(above) from the outer
arm of the jetty showing the narrow entrance the
ships had to come through.
(17 Sept) At 8 PM a mine was sighted at the
entrance to Reval, and the Violent was ordered to
sink it (see above).
While the Fleet was stopped during this
operation Petty Officer Mitchell
Officer's Cook 1c Frederick C
MITCHELL L 4508 on the 17th)
of the Flagship Curacoa was caught in one the Paravane wires &
dragged over the side and cut in two, his body passed
between the lines partly submerged, and before it
could be picked up, sank. Search was made for the
body for half an hour without results, so Ensigns
were half-masted & the Funeral Service read over
the spot where he sank. The Fleet then proceeded
underway for Reval.
On arriving off the entrance the Fleet was met by
a squadron of Seaplanes which manoeuvred very well
considering the very high wind & rough state of
The Fleet formed into 3 columns in line abreast 3rd
Division of Destroyers leading followed by the 4
Light Cruiser at 2 1/2 cables apart, the fourth
Division of Destroyers bringing up the rear.
As we rounded the point to the harbour, Reval
presented a very pleasing appearance with its large
domed churches showing up against a clear sky &
back ground. We were given to understand that we were
to go alongside the jetty, so steam was kept raised
ready to go alongside.
10 o'clock on Sunday morning
(18 Sept). The destroyers were ordered to proceed alongside the outer arm
of the Jetty, Vanquisher leading the way. It was rather a ticklish piece of work
as the ships had to be manoeuvred through a small gap which didn't allow for
much room for turning as the channel was very narrow with mud banks on either
side, and owing to the strong wind it was anything but an easy job. We made two attempts before we successfully negotiated the
turn, but eventually we secured alongside a small
steamer, the other boats coming in as the other ahead
cleared the entrance.
The President of Foreign Ministers invited all
Captains to lunch with him, while a concert was
arranged at the Town Hall for the men. An hours
entertainment was arranged, but as assistance in the
way of turns from the Fleet was asked for, it
finished with a 3 1/2 hours entertainment.
I didn't go ashore here, but from the reports the
outside appearance was far superior to the interior,
the streets were very narrow & dirty, the homes
badly needing repair etc.
(19 Sept) at 6 AM we left for Helsingfors the capital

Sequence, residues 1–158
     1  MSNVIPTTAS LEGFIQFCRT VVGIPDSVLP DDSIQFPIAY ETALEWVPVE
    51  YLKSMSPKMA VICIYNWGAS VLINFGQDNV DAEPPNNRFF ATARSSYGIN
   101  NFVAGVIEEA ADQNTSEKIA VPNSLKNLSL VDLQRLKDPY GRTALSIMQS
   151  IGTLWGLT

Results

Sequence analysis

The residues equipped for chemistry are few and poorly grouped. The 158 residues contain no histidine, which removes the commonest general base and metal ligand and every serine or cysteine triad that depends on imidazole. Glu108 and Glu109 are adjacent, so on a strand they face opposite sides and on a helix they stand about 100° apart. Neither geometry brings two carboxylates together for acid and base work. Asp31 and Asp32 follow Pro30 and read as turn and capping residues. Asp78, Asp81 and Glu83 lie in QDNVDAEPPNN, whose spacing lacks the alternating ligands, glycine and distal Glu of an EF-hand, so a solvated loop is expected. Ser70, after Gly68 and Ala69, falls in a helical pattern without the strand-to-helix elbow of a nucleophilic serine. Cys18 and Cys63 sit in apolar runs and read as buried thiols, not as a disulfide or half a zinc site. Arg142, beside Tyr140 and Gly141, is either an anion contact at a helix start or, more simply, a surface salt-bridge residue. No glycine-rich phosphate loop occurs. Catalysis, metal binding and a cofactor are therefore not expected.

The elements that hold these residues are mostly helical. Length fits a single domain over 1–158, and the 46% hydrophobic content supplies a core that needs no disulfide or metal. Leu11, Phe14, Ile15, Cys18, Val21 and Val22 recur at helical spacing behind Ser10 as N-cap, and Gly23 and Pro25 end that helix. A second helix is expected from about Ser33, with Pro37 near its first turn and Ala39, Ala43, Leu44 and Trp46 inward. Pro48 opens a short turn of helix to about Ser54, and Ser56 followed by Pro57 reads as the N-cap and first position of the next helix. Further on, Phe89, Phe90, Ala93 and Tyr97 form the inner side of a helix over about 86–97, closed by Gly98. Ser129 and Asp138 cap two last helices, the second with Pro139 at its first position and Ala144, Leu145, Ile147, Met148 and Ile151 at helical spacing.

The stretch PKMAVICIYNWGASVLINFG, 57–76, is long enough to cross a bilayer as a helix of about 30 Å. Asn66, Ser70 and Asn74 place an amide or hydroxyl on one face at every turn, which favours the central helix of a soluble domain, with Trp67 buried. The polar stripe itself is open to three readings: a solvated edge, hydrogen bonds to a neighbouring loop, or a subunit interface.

of Finland, about 64 miles across the Gulf.
Helsingfors Capital of Finland
Helsingfors was reached about 11 AM today Monday
after a rough passage across the Gulf from Reval
20th . The entrance to Helsingfors is surrounded by
numerous small islands, so it was necessary to have
Finnish pilots. Our pilot couldn't speak English or
French, but as he could speak Russian, one of our
Petty Officers who had been in Russia for 2 or 3
years & could speak a little Russian and so did
the interpreting part of the business & so got
over the difficulty.
All the Destroyers proceeded to the inner harbour
& the Light Cruiser to the other side of the
The people here were very civil & obliging. It
is one of the prettiest little seaports I've been to.
The streets were well laid out. The main street
especially was very pretty with extensive gardens
running through the centre.
Owing to the rate of exchange which was 230 marks
to the £1 we found things very cheap. I purchased a
lot of glass ware, scent & several other things
at a very cheap rate.
The Franco Restaurant that I went into gave a very
good spread for 12 marks equivalent to 1/-. The
orchestra played while you had lunch. The lunch
consisted of steak, onions, potatoes & cabbage,
with cheese, Black & White bread & pats of
butter all for a bob.
I had a thorough good walk round here & it
seemed hard to realise Helsingfors is ice bound for 4
months of the year.
Our stay at Helsingfors lasted for three days. I
think we all enjoyed ourselves here and would have
liked to stay for at least another week, but we had
to adhere to our original programme so the Fleet left
at 2 PM on Thursday (22 Sept) for out next port of call,
Stockholm the Capital of Sweden.
Cathedral at Helsingfors (left)
with gilt domes. The General Post Office &
Archeological Society's building is just behind
View of the Pilot Station
where pilots were changed
After leaving Helsingfors we caught rough weather
crossing the Baltic & all night long we were
ploughing through heavy head seas, tossing &
rolling about like corks, but as it was only a nights
trip across we didn't mind much. At 5 AM we were well
under the shelter of the Aland Islands & picked
up Pilots off the Island of Upsala to begin our 60